With an abundance of time on Saturday and no new movie begging for my attention, I decided to plug an embarrassing cultural blindspot: Stanley Kubrick’s 1980 horror classic The Shining.
The crazy thing was how little it felt like a blind spot. So much of the film has seeped into the wider culture as just touchstones that seem to have always existed.
Here’s Johnny! Redrum. All work and no play makes Jack a dull boy.
It’s fair to wonder if it’s even possible to get the as-intended experience when viewing a film in that nature. Citizen Kane is another version of that, but perhaps more understandable due to how long ago it premiered and how it revolutionized Hollywood and movies going forward.
For the record, I’ve never read the Stephen King novel that inspired the film (nor have I read any of King’s writing except for On Writing). Not that this is particularly relevant, since Kubrick’s version is, at best, a light adaptation, and one that King didn’t even like.
While perhaps more straightforward than some of his other films, Kubrick’s restrained but still terrifying film has numerous room for uncertainty and head-scratching and wondering “What the hell did I just watch?”
On Monday, I got an email newsletter that, for no discernible reason other than the universe lines up like that sometimes, there was a link in which a Japanese man is granted a phone call with Kubrick. The man asks about the ending of 2001: A Space Odessey, perhaps one of Kubrick’s most inscrutable.
Apparently contrary to his norm, Kubrick gives a fairly long and thoughtful answer to the question.
In the way that we fans are never satisfied when granted an audience with our heroes, the man asks if he ask one more question: What’s up with the end of The Shining?
It’s a shorter answer from Kubrick, but still pretty awesome to hear the man himself discuss his films.
One of the top YouTube comments says: “Get this guy on the phone with David Lynch,” which I couldn’t help but smile at, because, yeah, I’d love some answers from Lynch as well.
It’s fun to speculate and wonder why Kubrick was willing to be so forthcoming to this man. Maybe it because he seemed to want to take the information back to fellow fans in Japan. Maybe it was because it seemed private (I have no idea if the video on the man’s end was known to Kubrick at the time of the call).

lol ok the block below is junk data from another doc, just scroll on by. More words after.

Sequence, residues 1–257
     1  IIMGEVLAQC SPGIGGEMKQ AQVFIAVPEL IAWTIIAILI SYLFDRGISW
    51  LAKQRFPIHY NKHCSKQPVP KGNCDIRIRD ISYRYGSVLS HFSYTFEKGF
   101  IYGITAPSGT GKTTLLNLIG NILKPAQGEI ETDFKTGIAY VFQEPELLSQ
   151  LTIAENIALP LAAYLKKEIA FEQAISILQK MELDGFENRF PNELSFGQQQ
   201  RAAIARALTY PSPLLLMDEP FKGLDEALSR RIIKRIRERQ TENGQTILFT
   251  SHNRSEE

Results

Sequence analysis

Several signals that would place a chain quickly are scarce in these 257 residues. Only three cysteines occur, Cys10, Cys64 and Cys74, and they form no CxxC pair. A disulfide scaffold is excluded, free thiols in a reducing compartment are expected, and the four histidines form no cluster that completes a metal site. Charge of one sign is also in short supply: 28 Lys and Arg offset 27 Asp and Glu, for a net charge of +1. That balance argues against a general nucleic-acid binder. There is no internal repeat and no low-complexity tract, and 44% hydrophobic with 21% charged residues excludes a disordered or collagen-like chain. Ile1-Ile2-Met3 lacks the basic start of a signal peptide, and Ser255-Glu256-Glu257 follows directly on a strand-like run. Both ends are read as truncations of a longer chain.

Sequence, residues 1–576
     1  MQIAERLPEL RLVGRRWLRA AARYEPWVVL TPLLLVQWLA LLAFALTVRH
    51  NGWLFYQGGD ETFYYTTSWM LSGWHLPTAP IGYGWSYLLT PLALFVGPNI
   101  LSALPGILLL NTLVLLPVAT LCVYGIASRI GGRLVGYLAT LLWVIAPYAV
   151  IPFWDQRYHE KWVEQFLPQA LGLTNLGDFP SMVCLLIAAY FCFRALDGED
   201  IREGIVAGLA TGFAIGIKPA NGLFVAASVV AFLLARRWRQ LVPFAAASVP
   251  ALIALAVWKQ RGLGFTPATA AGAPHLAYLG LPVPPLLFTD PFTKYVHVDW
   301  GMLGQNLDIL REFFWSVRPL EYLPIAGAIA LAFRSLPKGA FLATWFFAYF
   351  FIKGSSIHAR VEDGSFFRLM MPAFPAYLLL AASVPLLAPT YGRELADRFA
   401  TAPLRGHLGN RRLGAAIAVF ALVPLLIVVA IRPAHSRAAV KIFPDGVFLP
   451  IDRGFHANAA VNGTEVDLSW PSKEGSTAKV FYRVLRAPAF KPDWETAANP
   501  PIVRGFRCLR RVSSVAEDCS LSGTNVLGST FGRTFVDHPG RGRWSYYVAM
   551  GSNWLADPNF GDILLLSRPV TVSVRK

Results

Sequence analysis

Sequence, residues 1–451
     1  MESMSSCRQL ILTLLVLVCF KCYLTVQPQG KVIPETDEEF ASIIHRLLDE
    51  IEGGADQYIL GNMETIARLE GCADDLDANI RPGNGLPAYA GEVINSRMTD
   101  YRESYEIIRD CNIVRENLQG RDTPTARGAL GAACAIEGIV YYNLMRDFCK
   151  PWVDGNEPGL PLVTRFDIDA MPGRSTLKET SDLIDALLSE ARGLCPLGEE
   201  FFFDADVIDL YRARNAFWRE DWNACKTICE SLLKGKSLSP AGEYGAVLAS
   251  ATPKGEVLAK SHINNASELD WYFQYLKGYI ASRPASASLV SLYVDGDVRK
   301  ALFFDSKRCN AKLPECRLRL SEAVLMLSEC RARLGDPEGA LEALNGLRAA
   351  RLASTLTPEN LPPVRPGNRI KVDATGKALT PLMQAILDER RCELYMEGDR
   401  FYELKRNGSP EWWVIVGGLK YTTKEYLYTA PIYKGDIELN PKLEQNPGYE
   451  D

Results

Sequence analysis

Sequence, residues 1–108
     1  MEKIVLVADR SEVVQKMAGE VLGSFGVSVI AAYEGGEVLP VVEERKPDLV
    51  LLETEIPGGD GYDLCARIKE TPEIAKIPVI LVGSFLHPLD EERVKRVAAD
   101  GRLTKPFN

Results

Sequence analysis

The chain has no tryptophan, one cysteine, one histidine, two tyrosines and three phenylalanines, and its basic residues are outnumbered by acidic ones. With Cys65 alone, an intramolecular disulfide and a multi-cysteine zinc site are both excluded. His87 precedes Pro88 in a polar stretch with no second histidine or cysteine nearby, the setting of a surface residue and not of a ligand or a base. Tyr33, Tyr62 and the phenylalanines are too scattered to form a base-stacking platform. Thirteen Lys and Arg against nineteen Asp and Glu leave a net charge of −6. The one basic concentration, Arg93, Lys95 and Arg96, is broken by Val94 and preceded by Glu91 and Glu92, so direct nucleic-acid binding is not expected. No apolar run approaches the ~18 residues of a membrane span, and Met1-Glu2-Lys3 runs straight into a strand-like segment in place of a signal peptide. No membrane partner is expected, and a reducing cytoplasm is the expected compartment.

It’s fun to hear any director talk about his or her work, but especially directors who like to have viewers make their own meaning out the films.
In addition to this charming video, I took a deep dive into supplementary Shining content, namely podcasts from some of my faves.
Blank Check: What a fun episode in the midst of the guys’ mini-series on Kubrick. They share the mic with Timothy Simons (Jonah from Veep), and they all go in on the opinion that Shelley Duvall is the MVP of the film. I honestly don’t know if I can co-sign on that one; I’ll have to watch the film again, but I found her so awkward, so ungainly, so off-putting, despite feeling incredibly bad thinking that with full knowledge of how Kubrick basically drove her insane over the course of filming so the breakdown would add to the later stages of the film.
Unspooled: Paul and Amy get into some super interesting theories and interpretations, the most interesting being [SPOILER WARNING FOR PLOT DETAILS OF THE SHINING, A MOVIE NOW MORE THAN 40 YEARS OLD] speculation around the physical abuse of Danny that’s addressed in the film might actually be sexual abuse by Jack, a closeted homosexual, based on the scene where Jack, upon just arriving to the hotel for the winter, is waiting in the lobby and reading an issue of Playgirl that, on its cover, advertises an article about incest. This discussion picks up around minute 25:00 in the podcast. Some of the other theories are also great, including some of the wackadoo theories that make up the basis of the documentary Room 237, which posits that Kubrick made The Shining as a coded apology for staging and filming the Apollo 11 moon landing.
Rewatchables: Bill, Sean, and Chris apply their trusty categories to Kubrick’s classic, Bill unleashes quite a number of Nicholson impersonations, and Sean geeks out on the marvel of the Steadicam shots that follow Danny on his Big Wheel. [Here’s a pretty awesome history of the Steadicam and a compilation video essay of scenes shot with it (spoiler: Danny on the Big Wheel doesn’t show up until minute 8).]